Phi Tauri

Eddy O'Connor
Star: Phi Tauri
Date & Time: November 22nd  2000.
10.30 -11p.m local; UT +11
Seeing: 5-6 <1-10 Seeing Scale (10 best)>
Transparency: 7/10, (Northern sky to
mag. 4.5; Southern to 5.5) 
Temperature: 18ºC 
Other Conditions: Still; high humidity after rain.
No Moon
Location of Site: Terara, New South Wales
Australia,  S34.52, W150.38 degrees.
Site Classification: Suburban 
Sky darkness:  <Limiting magnitude> 
Binoculars: 7X35 Tento. 25X100 Somet 
HS: 3
HS= Harshaw Scale1-5 (1 best)
This naked eye double is visible in both 7X25s and 25X100. 
It marks the centre of the limb of the Hyades 'V' group of stars which 
contains Aldebaran.  The Hyades is not as impressive as the Pleiades 
as the cluster is more widely scattered. 

These rich stars appear as Light yellow and Dark yellow in the 25s.

Ambience: This area of sky appeared in late evening, when cicadas were still and the majestic Jupiter drifted though the fresh-minted leaves of the Japanese Maple. A lone Wagtail gave a gentle whistle and then stopped. Dank smells of replenished earth and new-mown grass wafted though the cooling air. High humidity made the sky light enough for a quarter moon. Gone are the crisp days of Spring and Orion, our favourite summer object,now lightens the eastern sky. Binoculars are so easy to pack away...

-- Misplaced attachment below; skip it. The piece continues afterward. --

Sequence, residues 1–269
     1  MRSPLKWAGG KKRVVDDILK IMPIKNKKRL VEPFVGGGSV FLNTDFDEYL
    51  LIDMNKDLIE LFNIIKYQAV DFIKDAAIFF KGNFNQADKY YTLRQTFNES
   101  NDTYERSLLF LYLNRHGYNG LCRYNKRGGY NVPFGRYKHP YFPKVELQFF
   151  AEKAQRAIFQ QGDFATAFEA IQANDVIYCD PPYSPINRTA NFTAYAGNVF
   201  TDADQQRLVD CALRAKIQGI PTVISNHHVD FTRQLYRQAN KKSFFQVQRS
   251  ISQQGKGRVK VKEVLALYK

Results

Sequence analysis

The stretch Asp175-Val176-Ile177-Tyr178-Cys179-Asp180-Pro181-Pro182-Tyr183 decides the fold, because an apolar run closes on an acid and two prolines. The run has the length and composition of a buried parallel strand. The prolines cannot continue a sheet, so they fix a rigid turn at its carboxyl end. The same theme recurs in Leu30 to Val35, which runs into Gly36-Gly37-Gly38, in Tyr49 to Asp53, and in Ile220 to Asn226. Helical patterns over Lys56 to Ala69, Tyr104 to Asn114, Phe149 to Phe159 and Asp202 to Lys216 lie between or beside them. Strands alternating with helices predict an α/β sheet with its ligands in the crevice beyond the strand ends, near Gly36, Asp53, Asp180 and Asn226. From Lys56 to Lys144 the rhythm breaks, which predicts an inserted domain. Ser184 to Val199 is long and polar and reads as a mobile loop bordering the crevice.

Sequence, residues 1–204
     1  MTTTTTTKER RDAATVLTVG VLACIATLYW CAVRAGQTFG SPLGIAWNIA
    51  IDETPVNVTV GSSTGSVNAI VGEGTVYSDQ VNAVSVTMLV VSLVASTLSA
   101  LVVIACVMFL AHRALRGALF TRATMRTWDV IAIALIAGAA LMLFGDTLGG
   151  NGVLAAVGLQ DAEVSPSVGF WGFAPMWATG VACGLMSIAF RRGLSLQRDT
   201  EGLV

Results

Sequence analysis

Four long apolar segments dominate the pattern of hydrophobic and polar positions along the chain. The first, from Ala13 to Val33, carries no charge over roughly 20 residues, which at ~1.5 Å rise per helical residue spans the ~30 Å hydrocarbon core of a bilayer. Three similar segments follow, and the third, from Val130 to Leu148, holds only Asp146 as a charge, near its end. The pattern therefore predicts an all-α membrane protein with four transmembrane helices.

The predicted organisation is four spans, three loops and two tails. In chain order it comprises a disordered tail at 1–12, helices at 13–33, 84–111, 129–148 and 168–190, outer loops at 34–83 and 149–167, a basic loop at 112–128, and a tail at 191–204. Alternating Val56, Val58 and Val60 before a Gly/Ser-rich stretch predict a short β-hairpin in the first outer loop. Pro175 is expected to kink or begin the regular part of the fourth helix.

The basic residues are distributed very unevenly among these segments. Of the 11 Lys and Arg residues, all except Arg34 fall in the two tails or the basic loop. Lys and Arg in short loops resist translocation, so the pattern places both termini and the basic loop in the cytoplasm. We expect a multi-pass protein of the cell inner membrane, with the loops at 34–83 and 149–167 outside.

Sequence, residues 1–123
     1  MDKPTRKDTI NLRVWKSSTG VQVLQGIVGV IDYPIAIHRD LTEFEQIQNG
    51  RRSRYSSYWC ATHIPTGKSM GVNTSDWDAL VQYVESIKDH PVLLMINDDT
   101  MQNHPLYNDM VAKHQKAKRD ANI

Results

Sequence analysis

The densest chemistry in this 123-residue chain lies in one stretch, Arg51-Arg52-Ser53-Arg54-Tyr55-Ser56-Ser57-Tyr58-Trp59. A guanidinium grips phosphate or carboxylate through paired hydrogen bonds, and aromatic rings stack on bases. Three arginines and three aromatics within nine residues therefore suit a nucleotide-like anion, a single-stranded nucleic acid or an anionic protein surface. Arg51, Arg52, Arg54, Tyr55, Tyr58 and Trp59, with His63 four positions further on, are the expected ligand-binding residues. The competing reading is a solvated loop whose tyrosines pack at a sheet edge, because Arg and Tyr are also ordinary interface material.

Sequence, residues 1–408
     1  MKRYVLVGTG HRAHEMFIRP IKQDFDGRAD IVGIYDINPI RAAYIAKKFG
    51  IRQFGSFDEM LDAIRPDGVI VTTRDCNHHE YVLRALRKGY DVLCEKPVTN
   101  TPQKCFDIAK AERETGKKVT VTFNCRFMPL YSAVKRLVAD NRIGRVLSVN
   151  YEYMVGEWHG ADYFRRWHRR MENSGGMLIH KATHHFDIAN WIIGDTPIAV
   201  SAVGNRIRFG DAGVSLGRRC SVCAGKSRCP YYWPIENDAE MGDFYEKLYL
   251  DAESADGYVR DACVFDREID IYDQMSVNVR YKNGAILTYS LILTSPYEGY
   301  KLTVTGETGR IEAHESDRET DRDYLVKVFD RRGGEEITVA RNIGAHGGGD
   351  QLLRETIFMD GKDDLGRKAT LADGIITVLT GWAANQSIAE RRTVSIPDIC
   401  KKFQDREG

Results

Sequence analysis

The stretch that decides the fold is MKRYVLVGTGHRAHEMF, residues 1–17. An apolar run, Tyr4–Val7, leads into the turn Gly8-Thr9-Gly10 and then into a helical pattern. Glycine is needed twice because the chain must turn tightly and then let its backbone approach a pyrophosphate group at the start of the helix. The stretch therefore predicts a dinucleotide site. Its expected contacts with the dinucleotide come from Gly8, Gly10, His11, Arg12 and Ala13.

Paolo Morini
Star: Phi Tauri
Date & Time: 29 Nov 2002 ( 21:00 UTC ).
Seeing: 7 ( binos) <1-10 Seeing Scale (10 best)>
 Conditions: clearing in the mid of a cloudy month,
temp 10 deg C, no Moon
Location of Site: Ravenna. Italy, 
44d30' 12d12E
Site Classification: Urban 
Sky darkness: 4.5 <Limiting magnitude> 
Binoculars: 20x100 Vixen Binoculars,
FOV 2.5 deg
Quite a difficult star hopping with 2.5 FOV, very far both from Pleiades and Taurus head. 
The second component very faint but clear

Ambience: backyard observation with my cat "Chandler" as assistant,
but it was not thrilled a lot by doubles, so fall asleep over the
binoculars bag on the garden table - perhaps I got a Deep Sky cat ?